The Recycling Partnership Calls for $500M to Transform U.S. Recycling System
The report calls for $500 million in funding by 2025 and is inspired and endorsed by the Ellen MacArthur Foundation’s (EMF) New Plastics Economy initiative.
The Recycling Partnership announced a roadmap aimed at addressing systemic issues in the U.S. recycling system and catalyzing the transition toward a circular economy for packaging. The Recycling Partnership is a nonprofiit organization that seeks to transform recycling for states, cities and communities across the U.S., and to empower companies to meet their own sustainability goals. The 48 current funding partners range from major brand owners (Coca-Cola, Pepsico, Amazon, Procter & Gamble and others) to resin producers (such as Dow, ExxonMobil and Indorama), large processors (Amcor, Berry Global, Dart, Sonoco, Graham Packaging), industry associations (including the Plastics Industry Association), and one government agency (EPA).
The report, “The Bridge to Circularity: Putting the ‘New Plastics Economy’ into Practice in the U.S.” is inspired and endorsed by the Ellen MacArthur Foundation.
According to “The Bridge to Circularity,” there is no single solution to transition to a circular economy–an economic system aimed at eliminating waste by design, keeping materials in use and regenerating natural systems. To build a bridge between the current system and an optimized circular system, The Recycling Partnership is calling for a set of concrete actions based on three issues currently undermining the U.S. recycling industry:
(1) The speed of packaging innovation has outpaced the capabilities of our recycling infrastructure. To meet the New Plastics Economy Global Commitment target that 100 percent of plastic packaging will be reusable, recyclable, or compostable by 2025, brands, organizations, and governments must align packaging with the realities of the current recycling system while also investing to advance the system.
“Pathway to Recyclability”: The Recycling Partnership is initiating a more granular process detailing how to move a package from technically recyclable to commonly accepted for recycling with partners such as Sustainable Packaging Coalition (SPC) and the Association of Plastic Recyclers (APR). Collaboratives are also being launched with the goal of optimizing the system for multiple materials and packaging formats, including but not exclusive to plastics.
(2) As it stands, the U.S. recycling system cannot deliver the supply of recycled materials demanded by the Global Commitment. In fact, the report uses the case study of polyethylene terephthalate (PET) bottle recycling and finds an annual gap of over one billion pounds between the current U.S. supply and projected demand for recycled PET (rPET) in bottles, and that is just one packaging material type among many. It will be impossible for many companies to meet their ambitious recycled content commitments without significant interventions in the recycling system.
“Unlocking Supply”: The Recycling Partnership will launch an industry-wide $250 million residential recycling intervention to capture more than 340 million pounds of post-consumer plastics, in addition to over 2 billion pounds of other packaging materials. The report identifies specific strategies to put the capital to immediate use to benefit U.S. communities.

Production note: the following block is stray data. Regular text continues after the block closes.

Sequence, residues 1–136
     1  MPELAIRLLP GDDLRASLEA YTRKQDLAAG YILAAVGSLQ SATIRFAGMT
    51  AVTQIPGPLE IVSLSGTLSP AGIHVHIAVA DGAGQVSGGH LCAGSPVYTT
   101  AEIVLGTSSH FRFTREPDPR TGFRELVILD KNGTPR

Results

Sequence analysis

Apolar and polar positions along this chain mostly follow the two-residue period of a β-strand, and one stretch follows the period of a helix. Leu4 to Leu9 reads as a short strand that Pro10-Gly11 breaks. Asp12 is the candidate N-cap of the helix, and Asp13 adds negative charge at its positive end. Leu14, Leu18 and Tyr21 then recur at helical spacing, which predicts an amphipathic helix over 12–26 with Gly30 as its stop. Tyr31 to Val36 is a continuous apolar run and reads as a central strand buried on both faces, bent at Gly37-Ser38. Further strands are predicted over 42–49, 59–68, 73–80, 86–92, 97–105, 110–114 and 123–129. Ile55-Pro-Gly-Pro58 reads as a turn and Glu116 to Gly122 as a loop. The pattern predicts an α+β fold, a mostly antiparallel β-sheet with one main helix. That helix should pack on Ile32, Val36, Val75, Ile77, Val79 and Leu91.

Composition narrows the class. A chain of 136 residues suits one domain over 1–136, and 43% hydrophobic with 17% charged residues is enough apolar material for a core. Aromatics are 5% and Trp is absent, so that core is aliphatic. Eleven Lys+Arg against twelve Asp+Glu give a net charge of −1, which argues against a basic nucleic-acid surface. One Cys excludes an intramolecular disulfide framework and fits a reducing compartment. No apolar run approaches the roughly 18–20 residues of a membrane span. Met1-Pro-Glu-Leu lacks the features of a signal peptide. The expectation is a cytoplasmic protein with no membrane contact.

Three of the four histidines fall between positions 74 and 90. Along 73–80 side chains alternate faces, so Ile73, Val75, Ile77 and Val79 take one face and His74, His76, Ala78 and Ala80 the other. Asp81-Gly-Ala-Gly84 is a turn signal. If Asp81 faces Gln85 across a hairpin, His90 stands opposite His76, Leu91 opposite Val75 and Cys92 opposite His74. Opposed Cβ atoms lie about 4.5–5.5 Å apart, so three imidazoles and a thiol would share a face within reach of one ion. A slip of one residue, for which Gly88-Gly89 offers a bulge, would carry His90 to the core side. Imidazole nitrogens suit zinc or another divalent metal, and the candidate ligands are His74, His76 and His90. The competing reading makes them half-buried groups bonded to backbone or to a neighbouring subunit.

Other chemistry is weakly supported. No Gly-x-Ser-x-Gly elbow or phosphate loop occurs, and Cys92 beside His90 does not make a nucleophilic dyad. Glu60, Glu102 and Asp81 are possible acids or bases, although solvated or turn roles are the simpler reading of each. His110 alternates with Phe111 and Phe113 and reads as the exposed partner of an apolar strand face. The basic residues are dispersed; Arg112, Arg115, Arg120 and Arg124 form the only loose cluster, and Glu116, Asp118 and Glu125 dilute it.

(3) Intractable, underlying challenges create a difficult environment in which to develop a sustainably funded and responsive future recycling system. Bold innovation, supported by transformative policy is critical to tackling the extensive issues within the current system.
“Recycling 2.0”: This new initiative calls for $250 million over five years to design and implement the recycling system of the future by advancing technology, building more robust data systems and enhancing consumer participation. In addition, in early 2020, a new policy proposal will be launched to address the unique challenges in the U.S. packaging system with the goal of achieving a sustainably funded recycling system for all materials.
“Our current recycling system is fundamentally underfunded and incapable of delivering a circular economy without dramatic evolution. With this report, we are providing the clear roadmap to create a new and improved recycling system of the future,” says Keefe Harrison, CEO of The Recycling Partnership. “We’re providing actionable solutions to help current and future partners build a sustainable and effective recycling system in the U.S.”
Harrison continued, “To make this a reality, we’re calling for $500 million to fund these new initiatives. This will be the first step toward fully optimizing our nation’s recycling capabilities and ultimately building the bridge to a circular economy.”
The report recommends that plastics packaging be used as the entry point to catalyze system change. However, it repeatedly stresses the importance of building an improved system for all materials, not just plastics.
“Concentrating on plastics alone will not create a viable platform for a truly circular economy,” said Harrison, “Nor will recycling alone ultimately suffice.”
Two recently developed technologies are said to make high-quality PET recycling more economical.
Alloys of polyethylene and recycled PET were the highlight of the annual SPE Global Plastics Environmental Conference (GPEC) in Detroit in February.
Recycling HDPE homopolymer from milk and water bottles back into food-grade bottles is a new achievement that was featured at the Plastics Recycling Conference, sponsored by Resource Recycling magazine, and at the SPE Global Plastics Environmental Conference (GPEC 2009), held back to back in Orlando, Fla., last month.Removing volatiles from HDPE to meet U.S.